Mayor Wright focuses on workplace culture

Next week, the mayor will reach his hundredth day in office.

On the walls of Oak Harbor Mayor Ronnie Wright’s office hang colorful paintings from local artists Tiffany Scribner, Leslie Stoner and Sandy Byres. Atop shelves sit model ships, disco balls, books on fine art from around the world, flowers, plants, a plastic stegosaurus and a portrait of Ronald Reagan with the quote, “There is no limit to the amount of good you can do if you don’t care who gets the credit.”

Wright purchased the decor himself, getting rid of the tan colors and bulky furniture of before. The idea is to create a cultured, worldly environment, based on his travels in the military, while promoting local artists and businesses. It mirrors his vision for the city, he said, taking Oak Harbor in a lighter, more positive direction.

Next week, the mayor will reach his hundredth day in office. So far, his time has been filled by meetings with city, county and Navy departments and attending local events and state and national conferences.

The mayor position is designated as a part-time job, but this really isn’t the case, he said. It’s not even a 9-5, it’s all the time. As owner of Pacific Grace Tax & Accounting in the heart of tax season, he’s had to strategize to avoid working until 4 a.m. When he does have moments where he’s not working, he’s spending time with his family and his two French bulldogs and two Chihuahuas.

The most prominent change since Wright took over as mayor has been the culture shift in the workplace, he said.

“I’m engaging with our staff (so) that they have a very positive and rewarding work environment to come to every day,” he said. “That’s been one of my biggest champions or missions in my role as mayor.”

Wright has made sure to meet with each department and learn the names of staff. He wants to be seen as a coworker and not just a figurehead.

This isn’t a superficial change, he said, but a procedural one. They have new systems for tracking capital projects and tying them to council goals. As a leadership team, they review matrices weekly.

“I think that people are feeling like we’re hearing them, we’re listening,” he said. “If there are concerns or there’s input that they want to have, I don’t know how much of that was going on in the past. It’s just a different style of leadership, and it’s more collaborative and inclusive, and that’s what I’m all about.”

The results of this won’t be superficial either. Opening the lines of communication with county officials and state legislators is the best way to bring the most back to the Oak Harbor economy, he said.

Wright learns something every time he visits a new department.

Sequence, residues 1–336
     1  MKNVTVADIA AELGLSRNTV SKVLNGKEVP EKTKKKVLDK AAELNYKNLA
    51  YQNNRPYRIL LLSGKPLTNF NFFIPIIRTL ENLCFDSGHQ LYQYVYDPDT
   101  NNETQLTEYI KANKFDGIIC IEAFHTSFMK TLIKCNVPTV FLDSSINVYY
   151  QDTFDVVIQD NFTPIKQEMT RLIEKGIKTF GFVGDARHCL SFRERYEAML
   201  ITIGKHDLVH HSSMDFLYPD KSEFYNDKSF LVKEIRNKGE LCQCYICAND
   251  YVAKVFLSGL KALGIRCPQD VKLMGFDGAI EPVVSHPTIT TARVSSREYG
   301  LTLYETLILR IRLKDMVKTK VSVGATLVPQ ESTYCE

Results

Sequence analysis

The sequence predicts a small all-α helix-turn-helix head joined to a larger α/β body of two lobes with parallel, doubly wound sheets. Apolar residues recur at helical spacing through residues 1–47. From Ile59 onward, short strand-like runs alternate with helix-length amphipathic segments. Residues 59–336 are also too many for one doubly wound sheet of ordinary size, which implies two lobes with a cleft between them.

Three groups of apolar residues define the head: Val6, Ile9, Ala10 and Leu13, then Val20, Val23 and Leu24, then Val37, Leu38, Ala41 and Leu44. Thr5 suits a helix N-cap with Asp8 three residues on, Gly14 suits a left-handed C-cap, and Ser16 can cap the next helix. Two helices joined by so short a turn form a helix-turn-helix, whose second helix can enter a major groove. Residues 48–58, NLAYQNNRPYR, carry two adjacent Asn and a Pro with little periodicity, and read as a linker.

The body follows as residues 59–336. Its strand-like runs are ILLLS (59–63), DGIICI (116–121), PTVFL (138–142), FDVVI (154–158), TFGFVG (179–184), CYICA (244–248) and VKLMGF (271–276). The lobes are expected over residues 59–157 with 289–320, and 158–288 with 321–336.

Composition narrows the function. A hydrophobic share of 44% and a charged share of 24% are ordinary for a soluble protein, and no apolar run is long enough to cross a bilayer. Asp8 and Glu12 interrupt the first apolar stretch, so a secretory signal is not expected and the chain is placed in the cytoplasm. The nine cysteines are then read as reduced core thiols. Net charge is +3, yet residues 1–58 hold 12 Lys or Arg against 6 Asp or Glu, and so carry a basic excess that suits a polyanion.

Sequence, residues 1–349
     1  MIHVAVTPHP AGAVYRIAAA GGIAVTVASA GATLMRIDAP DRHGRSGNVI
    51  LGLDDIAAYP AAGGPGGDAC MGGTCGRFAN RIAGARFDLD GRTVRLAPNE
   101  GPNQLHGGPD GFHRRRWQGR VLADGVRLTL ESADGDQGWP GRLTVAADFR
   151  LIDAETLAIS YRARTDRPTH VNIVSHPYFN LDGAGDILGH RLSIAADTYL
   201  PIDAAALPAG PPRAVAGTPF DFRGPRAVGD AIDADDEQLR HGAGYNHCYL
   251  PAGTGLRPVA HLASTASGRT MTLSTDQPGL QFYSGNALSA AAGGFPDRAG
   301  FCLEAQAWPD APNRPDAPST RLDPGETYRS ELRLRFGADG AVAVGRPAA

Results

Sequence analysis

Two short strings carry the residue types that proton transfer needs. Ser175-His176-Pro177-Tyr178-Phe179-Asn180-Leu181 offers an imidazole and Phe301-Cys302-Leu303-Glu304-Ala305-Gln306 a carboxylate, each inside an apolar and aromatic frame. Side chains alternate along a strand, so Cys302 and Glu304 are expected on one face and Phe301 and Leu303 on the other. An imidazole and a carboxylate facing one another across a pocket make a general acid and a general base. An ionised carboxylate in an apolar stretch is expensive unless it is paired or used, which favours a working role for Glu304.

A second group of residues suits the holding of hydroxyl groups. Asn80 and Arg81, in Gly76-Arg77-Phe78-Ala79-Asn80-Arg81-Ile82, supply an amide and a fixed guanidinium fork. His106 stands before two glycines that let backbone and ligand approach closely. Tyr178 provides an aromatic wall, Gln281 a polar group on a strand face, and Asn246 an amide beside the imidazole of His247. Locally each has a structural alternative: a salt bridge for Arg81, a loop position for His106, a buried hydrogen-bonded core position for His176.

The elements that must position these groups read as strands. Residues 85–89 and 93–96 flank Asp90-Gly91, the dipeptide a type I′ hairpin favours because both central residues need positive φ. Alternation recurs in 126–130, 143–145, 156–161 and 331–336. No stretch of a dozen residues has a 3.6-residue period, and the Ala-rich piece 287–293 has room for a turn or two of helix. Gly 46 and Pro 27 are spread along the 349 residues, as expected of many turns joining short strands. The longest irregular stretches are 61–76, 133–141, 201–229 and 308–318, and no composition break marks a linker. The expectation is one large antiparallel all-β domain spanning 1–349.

“I’m not an engineer. I’m not a public works person. I’m not our planning department,” he said. “What they do, those things are way above me. I rely on their expertise.”

The mayor puts his energy toward removing hurdles to their projects and making them work within a timeline that brings the best result. That mission isn’t so different from owning an accounting firm or managing in the IRS.

What is different, he said, is politics. Working in government diverges from running a business in terms of the personal dynamics.

“Sometimes you have to be the bigger person and take the high road, even when it’s hard to do so,” he said.

Overall, it’s exceptionally positive, he said, and he’s proud of the leadership changes he’s made since he’s taken office, both in style and personnel. Wright terminated the fire chief and the city administrator and filled them with interim positions. In a month, he said, he plans on bringing the interim city administrator, Sabrina Combs, to council for a permanent change.

“I’m very proud of her,” he said. “I have complete faith in her abilities and who she is. Our leadership team loves the way she communicates with them and how she works with them. I’m excited to see council confirm her in that position permanently.”

Last month, the mayor, along with other city staff, traveled to Washington DC for the National League of Cities conference and to meet with lawmakers, Pentagon officials and the members of the Army Corps of Engineers.

The greatest harvest from the trip was identifying funding opportunities, Wright said. Legislators are very receptive to Oak Harbor’s goals.

Among the topics of discussion were the need for marina dredging, a marina feasibility study, the new recreation center, an arts center and the wastewater treatment plant. The goal is to have the wastewater treatment plant running this year, he said, because that will lower utility rates for all Oak Harbor residents.

The biggest misconception of city government is what staff are capable of and how quickly they can do it, he said. There are a lot more hurdles than other sectors.

“I want to buy a computer in my accounting firm,” he said. “I go online, I find what I want and I buy it. I want to do the same thing (for the City of Oak Harbor). There’s an entire different process you have to go through. You have to go out for bids. You have to make sure that we don’t have a contract with someone that requires us to use a certain vendor.”

Wright’s favorite part of the job is meeting people in the community and representing them as mayor, he said, which is a lot more rewarding than accounting.

Now, at the 100-day mark, Wright is working toward his certification in municipal leadership and looks forward to continuing to meet with and hear the concerns of the people of Oak Harbor.

“There’s still a lot to learn,” he said. “I’m not naive to that.”

Oak Harbor Mayor Ronnie Wright will soon reach his 100th day in office. (Photo by Luisa Loi)

Oak Harbor Mayor Ronnie Wright will soon reach his 100th day in office. (Photo by Luisa Loi)